Learnt (UK) and learned (US) are past tense forms of the irregular verb “learn.” The word learned is also an adjective that describes a well-educated person, but the spelling of “learnt” does not apply to the adjective form.
What is the difference between learnt vs. learned ?
If you’re learning English for the first time, the easiest grammar lesson to learn is that if a word has two spellings, it’s likely because of American English vs. British English. Learning the difference between learnt and learned is no different, although it appears to be a topic of hot debate.
The words learnt and learned are the past tense forms of the verb ‘to learn,’ which means ‘to gain or acquire knowledge.’ Both spellings are correct, but “learnt” is more common outside of the United States (and particularly in the United Kingdom).
The only time “learnt” is undeniably wrong is when “learned” is an adjective that describes someone as educated or smart. So, unless you’re trying to be ironic, avoid using “learnt” for descriptions.
Learned vs. learnt = American English vs. British English
The main differences in spelling between learned and learnt involve ‘standardized’ forms of the English Language. Dictionaries in the United Kingdom declare “learnt” as the standard spelling, while American dictionaries prefer “learned.”
Noah Webster, the co-founder of Merriam-Webster’s Dictionary, played a significant role in the standardization of American English in the early 19th century. The Word Counter covered similar spelling misnomers, including:
Another confusing trait about learned vs. learnt is that “learn” is an irregular verb. An irregular verb is a word with different tense forms than you’d logically expect. For example, most verbs conjugate to past tense forms that end with -ed. Irregular verbs follow their own rules, though, and most English speakers have to memorize these tense forms early on.
Irregular verbs with similar spelling differences to learned vs. learnt include:
- Burned and burnt
- Dreamed and dreamt
- Dwell and dwelt
- Kneeled and knelt
- Leaped and leapt
- Spelled and spelt
- Smelled and smelt
- Spilled and spilt
- Spoiled and spoilt
Note how one form ends with -ed while the other ends with -t? Depending on geography and local dialects, English speakers may choose to use one verb form over the other. English speakers in the United Kingdom, New Zealand, or Australia tend to use the -t form of words, while Americans trend toward the -ed form (but not always).
There are instances in English when the -t endings always top the -ed endings. For instance, “sleeped” and “keeped” are incorrect versions of “slept” and “kept.” Additional irregular verbs with -t endings include:
- Build = built, not “builded.”
- Deal = delt, not “dealed
- Leave = left, not “leaved.”
- Meet = met, not “meeted.”
- Send = sent, not “sended.”
- Shoot = shot, not “shooted.”
- Weep = wept, not “weeped.”
The adjective “learned” is never “learnt”
It’s not uncommon for Americans to believe that “learnt” is informal or that it sounds
uneducated. The perceived informality is likely due to the adjective form of “learned,” which we use to describe someone as informed or expertly in a skill, study, or experience.
As an adjective, we can use the spelling of learned for the adverb learnedly and the noun learnedness, but we’d never use learnt for “learntly” or “learntness” (in the English Language, anyways). Therefore, it’s safe to say that we shouldn’t use “learnt” as an adjective.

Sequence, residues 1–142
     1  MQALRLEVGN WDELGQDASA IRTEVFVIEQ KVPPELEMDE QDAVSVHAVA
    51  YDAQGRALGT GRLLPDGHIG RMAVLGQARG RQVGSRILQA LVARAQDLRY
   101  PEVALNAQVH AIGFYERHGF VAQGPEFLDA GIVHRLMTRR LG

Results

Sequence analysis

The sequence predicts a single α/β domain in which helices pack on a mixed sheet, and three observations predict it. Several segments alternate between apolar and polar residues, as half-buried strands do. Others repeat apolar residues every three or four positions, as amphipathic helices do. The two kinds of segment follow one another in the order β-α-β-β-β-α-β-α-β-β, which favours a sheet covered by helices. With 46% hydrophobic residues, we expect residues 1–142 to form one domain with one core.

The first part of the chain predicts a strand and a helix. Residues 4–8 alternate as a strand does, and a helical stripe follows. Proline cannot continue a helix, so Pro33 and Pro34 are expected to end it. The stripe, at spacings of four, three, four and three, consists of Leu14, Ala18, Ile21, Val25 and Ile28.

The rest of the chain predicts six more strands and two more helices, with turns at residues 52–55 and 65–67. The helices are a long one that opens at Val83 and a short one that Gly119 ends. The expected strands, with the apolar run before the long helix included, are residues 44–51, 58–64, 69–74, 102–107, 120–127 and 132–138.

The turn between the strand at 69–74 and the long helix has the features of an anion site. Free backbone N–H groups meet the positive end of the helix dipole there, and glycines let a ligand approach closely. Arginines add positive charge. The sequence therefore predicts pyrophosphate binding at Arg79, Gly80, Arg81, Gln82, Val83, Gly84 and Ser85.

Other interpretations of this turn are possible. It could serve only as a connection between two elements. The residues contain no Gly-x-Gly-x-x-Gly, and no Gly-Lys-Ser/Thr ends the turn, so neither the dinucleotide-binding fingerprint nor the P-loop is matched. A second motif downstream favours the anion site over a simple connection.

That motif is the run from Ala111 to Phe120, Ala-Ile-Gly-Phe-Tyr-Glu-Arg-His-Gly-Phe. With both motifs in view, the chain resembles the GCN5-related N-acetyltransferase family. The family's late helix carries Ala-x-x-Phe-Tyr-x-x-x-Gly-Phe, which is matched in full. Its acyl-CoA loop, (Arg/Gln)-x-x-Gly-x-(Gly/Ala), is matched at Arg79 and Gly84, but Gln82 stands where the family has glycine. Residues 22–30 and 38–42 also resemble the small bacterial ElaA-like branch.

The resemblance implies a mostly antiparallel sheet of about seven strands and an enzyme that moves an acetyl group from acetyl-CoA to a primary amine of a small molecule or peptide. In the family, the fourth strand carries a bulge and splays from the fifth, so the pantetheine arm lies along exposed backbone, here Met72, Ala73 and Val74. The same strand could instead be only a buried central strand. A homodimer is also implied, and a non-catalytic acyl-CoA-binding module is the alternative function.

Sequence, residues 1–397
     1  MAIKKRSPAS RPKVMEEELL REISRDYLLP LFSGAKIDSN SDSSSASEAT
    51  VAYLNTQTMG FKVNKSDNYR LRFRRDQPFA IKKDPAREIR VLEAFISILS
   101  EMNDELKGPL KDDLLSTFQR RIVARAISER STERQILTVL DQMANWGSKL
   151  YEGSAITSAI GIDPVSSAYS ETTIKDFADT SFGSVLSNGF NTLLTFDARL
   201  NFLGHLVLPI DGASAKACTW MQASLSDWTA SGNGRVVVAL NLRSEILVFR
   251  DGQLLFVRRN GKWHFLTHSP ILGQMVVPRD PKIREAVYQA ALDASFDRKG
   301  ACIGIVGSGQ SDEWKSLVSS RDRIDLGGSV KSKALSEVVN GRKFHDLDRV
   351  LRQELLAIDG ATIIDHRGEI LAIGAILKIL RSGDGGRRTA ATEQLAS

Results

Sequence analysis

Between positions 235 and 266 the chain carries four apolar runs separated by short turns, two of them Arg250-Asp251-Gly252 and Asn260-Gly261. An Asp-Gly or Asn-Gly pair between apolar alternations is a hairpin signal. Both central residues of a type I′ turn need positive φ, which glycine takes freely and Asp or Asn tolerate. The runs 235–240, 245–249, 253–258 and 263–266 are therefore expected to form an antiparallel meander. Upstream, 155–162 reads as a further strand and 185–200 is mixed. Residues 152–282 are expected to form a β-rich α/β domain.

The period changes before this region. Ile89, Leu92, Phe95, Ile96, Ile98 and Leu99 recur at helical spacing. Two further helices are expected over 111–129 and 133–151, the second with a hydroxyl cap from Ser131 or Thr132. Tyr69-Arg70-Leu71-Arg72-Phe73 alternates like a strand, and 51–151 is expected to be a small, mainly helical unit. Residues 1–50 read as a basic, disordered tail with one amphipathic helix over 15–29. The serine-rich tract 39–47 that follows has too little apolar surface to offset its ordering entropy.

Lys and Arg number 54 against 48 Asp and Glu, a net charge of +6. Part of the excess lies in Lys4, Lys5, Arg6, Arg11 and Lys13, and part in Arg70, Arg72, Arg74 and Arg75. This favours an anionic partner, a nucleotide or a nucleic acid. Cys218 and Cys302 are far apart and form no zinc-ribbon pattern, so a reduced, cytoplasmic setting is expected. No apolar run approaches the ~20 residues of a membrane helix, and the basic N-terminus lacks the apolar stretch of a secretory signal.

Non-American English grammar guides take the adjective and verb spellings into account when deciphering the correct use of learnt vs. learned. For example, The ABC Style Guide (an Australian media group) states that either spelling is okay as long there’s no confusion between “learned” as an adjective and verb.
What does learned mean?
The word learned is an adjective and the past participle of the verb “learn,” which means:
- To develop a skill or knowledge of a subject through studying, observation, mentorship, or life experience; or,
- To teach someone a skill or subject (archaic).
Sentence examples with the verb learned include:
“Today, we learned about the solar system.”
“I learned how to speak French.”
“Have you learned your lesson yet?”
“He’s learned nothing.”
“She’s going to learn you to mind your own business” (archaic).
As an adjective, the word learned describes something as educated or acquired through learning. Similar terms include the adverb learnedly or the noun learnedness.
Sentence examples with the adjective learned include:
“Stephen Hawkings was a learned man.”
I wouldn’t call the class enlightened, but it is a group of learned students.”
“Constant apologizing is a learned behavior and response.”
“Some people develop learned helplessness as a coping mechanism.”
Verb: Absorb, assimilate, digest, discover, familiarize, grasp, hear, master, memorize, retain, understand.
Adjective: Academic, bookish, educated, erudite, esoteric, intellectual, knowledgeable, lettered, literate, polished, scholarly, well-read.
Verb: Disregard, forget, ignore, lose, miss, misunderstand, neglect, overlook.
Adjective: Benighted, dark, ignorant, illiterate, lowbrow, semiliterate, uncivilized, uneducated, unlearned, unscholarly.
What does learnt mean?
The word learnt is another past tense form of the verb learn, except it’s more common for British English. But unlike the word learned, British English doesn’t use “learnt” as an adjective to describe someone as educated.
According to the Cambridge Dictionary, British English only uses the word learnt as the past simple and past participle of learn. More specifically, the British definition of learnt conveys the act of obtaining or discovering information.